The Time Machine

A scientific romance by H G Wells (1866-1946), published in 1895. Wells had part of a serial published in The Science Schools Journal in 1888. Subsequently ‘The Chronic Argonauts’ was redrafted, eventually resulting in his first major novel The Time Machine. The genre of ‘scientific romance’ - later termed science fiction - merges adventure with philosophical speculation. Writing in a society undergoing rapid, transformative industrialisation and urbanisation, Wells raises meaningful issues about class divisions and evolution. The Time Traveller sees life forms of the future: he encounters the timid Eloi, who are preyed upon by subterranean creatures, the degenerate Morlocks. He also witnesses the final bleak days of the human race. 

H G Wells
Victorian literature
Literary period:

Related articles

Class in The Time Machine

Article by:
Matthew Taunton
Poverty and the working classes, Visions of the future, Fin de siècle

Dr Matthew Taunton reveals how The Time Machine reflects H G Wells’s fascination with class division, the effects of capitalism and the evolution of the human race.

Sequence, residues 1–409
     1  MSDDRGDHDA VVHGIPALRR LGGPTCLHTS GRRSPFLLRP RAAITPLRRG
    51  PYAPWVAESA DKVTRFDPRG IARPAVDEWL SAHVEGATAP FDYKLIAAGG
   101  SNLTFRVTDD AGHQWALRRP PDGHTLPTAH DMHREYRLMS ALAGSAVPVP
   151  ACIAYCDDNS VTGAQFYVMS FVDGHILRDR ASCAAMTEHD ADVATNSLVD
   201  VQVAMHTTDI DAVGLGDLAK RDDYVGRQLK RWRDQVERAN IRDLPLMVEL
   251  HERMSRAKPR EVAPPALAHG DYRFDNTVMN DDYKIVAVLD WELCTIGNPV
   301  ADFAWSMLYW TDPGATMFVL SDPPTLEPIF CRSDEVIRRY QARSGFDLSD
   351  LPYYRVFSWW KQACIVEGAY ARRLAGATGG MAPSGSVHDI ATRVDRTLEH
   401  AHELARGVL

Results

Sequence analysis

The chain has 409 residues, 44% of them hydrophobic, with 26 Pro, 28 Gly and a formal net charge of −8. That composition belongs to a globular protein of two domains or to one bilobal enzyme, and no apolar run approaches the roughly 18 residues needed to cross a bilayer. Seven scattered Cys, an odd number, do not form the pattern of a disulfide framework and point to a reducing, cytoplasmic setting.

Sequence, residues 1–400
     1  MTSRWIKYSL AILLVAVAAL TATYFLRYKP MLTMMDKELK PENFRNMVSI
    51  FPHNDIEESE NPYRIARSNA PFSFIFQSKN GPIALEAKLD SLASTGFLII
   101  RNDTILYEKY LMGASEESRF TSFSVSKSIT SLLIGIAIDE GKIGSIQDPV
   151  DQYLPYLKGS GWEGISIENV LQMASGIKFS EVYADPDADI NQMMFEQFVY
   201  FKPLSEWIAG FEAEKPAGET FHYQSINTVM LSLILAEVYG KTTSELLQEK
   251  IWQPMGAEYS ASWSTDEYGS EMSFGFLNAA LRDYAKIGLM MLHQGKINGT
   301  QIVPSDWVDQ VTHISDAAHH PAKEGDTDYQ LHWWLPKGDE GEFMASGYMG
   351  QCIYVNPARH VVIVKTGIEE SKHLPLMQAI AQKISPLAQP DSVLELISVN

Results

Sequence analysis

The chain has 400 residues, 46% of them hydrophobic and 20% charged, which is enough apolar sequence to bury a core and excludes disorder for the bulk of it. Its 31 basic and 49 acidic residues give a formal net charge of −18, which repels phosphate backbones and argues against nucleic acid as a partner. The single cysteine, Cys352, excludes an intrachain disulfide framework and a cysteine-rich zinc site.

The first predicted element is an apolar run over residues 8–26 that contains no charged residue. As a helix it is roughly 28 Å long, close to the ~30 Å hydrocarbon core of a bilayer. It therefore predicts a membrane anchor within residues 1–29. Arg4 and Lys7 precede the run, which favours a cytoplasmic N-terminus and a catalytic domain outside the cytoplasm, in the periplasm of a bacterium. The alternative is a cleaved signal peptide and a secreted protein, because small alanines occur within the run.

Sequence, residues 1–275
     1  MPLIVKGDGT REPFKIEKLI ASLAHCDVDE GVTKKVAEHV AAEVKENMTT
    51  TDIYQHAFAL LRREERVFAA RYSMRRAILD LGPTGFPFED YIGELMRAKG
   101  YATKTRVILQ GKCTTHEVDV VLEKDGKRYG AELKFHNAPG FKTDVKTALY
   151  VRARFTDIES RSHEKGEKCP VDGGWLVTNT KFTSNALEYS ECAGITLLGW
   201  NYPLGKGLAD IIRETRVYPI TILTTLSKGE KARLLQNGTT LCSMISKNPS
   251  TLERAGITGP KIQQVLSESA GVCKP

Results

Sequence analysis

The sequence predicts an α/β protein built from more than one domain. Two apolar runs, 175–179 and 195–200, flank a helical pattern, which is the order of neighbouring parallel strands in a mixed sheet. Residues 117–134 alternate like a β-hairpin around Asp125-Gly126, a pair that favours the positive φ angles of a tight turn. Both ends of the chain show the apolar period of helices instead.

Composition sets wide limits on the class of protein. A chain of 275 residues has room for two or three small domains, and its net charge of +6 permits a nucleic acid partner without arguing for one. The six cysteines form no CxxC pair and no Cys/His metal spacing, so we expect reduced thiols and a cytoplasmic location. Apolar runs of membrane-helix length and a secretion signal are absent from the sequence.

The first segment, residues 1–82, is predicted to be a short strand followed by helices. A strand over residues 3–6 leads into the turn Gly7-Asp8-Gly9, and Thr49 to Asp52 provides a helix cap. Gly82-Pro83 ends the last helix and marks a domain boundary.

H G Wells’s politics

Article by:
Matthew Taunton
Power and politics, Fin de siècle, Visions of the future

H G Wells was a committed socialist whose political writing influenced, among other things, the 1948 Universal Declaration of Human Rights. Dr Matthew Taunton considers how Wells engaged with socialist ideas in his journalism, social commentary and fiction.

Victorian utopias

Article by:
Marcus Waithe
Visions of the future

The nature of the ideal society has occupied philosophers and writers for millennia. Here Dr Marcus Waithe considers how Victorian writers such as H G Wells, William Morris and Edward Bulwer-Lytton re-imagined their own society and envisaged utopian futures.

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